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3.2. The Government of Syria and associated armed groups

Last update: February 2023

The Syrian State actors include members of security forces and other authorities, such as local councils or other local officials, e.g. mukhtars. It should also be noted that the distinction between official State forces and non-State forces is not always clear.

The Syrian Armed Forces consist of the Syrian Arab Army (SAA), the Naval Forces, the Air Forces, Air Defence Forces and the National Defence Forces (NDF). SAA leaders allegedly lack control over their divisions. Army divisions are said to be controlled by the government’s intelligence services and to be under the authority of Iranian and Russian influence. The army can no longer be considered a cohesive force, but rather a coalition of regular forces and allied militias. The Fourth Division has developed into a parallel army that deploys its forces throughout Syria and has been described as morally, financially and military superior to SAA. [Security 2022, 1.4.1, p. 26]

Intelligence services are operating in Syria. The services operate outside the law with no defined boundaries between their areas of jurisdiction and with overlapping responsibilities. Several laws empower the security apparatus and allow its members to act with impunity. [Actors, 2.3.2, p. 31]

The police force report to the Ministry of Interior, but they can receive orders from branches of the intelligence agencies. There have also been frequent instances where police acted as informers on anti-government activity and political dissidence in support of the services. [Actors, 2.3.3, p. 32]

A number of pro-government militias are operating alongside the regular armed forces. There are local militias, such as the NDF, and non-Syrian militias made up of foreign fighters, mainly backed by Iran. [Actors, 2.3.4, p. 34]

By 2012, the GoS consolidated militias under its control and incorporated them under an umbrella network set up with Iran’s assistance, the NDF. The NDF were reported to be ‘quite inclusive of all the groups that are willing to fight on the side of Syrian government’, including Sunnis from Damascus and Aleppo, ‘mercenaries, crime lords, and unemployed citizens’. They have become auxiliary security institutions, which operate their own prisons and investigation commissions. [Actors, 2.3.4, p. 34]

Other examples of Syrian pro-government militias include the Tiger Forces, serving as the army of the Air Forces Intelligence, militias of wealthy and powerful Alawite businessmen with close links to the Assad government, such as the al-Bustan militias and Suquor al Sahara. [Actors, 2.3.4, p. 35]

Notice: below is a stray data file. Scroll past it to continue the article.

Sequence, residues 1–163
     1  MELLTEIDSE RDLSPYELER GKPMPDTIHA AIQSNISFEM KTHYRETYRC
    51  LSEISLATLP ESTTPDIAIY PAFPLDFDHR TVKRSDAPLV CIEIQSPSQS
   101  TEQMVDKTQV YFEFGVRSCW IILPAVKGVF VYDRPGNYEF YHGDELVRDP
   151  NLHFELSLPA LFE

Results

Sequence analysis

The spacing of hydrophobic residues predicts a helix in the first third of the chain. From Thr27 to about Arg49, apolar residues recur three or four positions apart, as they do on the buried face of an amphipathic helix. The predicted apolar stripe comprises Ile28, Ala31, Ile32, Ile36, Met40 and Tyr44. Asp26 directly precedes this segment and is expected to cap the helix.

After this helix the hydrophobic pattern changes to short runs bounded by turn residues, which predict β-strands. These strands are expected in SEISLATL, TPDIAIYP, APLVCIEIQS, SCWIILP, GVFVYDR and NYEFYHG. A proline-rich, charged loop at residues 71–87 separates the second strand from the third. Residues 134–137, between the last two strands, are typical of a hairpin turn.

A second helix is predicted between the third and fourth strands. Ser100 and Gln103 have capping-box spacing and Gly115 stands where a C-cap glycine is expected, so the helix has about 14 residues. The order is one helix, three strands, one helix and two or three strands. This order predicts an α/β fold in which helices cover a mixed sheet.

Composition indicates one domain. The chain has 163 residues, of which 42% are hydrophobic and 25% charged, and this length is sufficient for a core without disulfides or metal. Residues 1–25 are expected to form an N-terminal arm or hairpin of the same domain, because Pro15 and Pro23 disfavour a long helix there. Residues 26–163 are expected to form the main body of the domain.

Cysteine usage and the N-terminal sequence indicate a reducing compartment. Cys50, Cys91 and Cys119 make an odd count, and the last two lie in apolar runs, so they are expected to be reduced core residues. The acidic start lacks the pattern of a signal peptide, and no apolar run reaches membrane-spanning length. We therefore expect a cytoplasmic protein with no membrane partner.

Apart from Syrian pro-GoS militias, Shia foreign fighters were mobilised by Iran and sent to fight on the side of the Assad government. The most prominent groups included the Lebanese Hezbollah, the Afghan Fatemiyoun Brigade, the Pakistani Zeinabiyoun Brigade, as well as various Iraqi Shia militias that are members of the Iraqi Popular Mobilisation Forces, and fighters from Yemen. [Actors, 2.3.4, p. 34]

Palestinian militias such as the Popular Front for the Liberation of Palestine - General Command, the SAA-affiliated Palestinian Liberation Army and the Liwa al-Quds also supported the government military in the conflict. [Actors, 2.3.4, p. 36]

As of the beginning of 2022, the GoS had control over 63 % of the state’s territory, including central and southern Syria, the governorates along the Mediterranean coast, and parts of eastern Syria and Aleppo. The GoS also controlled Syria’s most important cities such as Damascus, Aleppo, Homs, or Hama. [Security 2022, 1.5.1, p. 41]

Syrian State actors including associated armed groups have committed a wide range of human rights violations since the beginning of the conflict. During the reporting period, GoS forces continued to arbitrarily detain people, with detention leading to torture, ill-treatment, and in some instances to death of detainees. Besides arbitrary detentions and enforced disappearances, the GoS was reported to use torture and sexual violence as a method of control, intimidation and extortion. [Security 2022, 1.4.1, p. 27, Targeting 2022, 1.1.2, p. 20]

For further information on human rights violations committed by the GoS and associated armed groups and their relevance as potential exclusion grounds, see 8. Exclusion.


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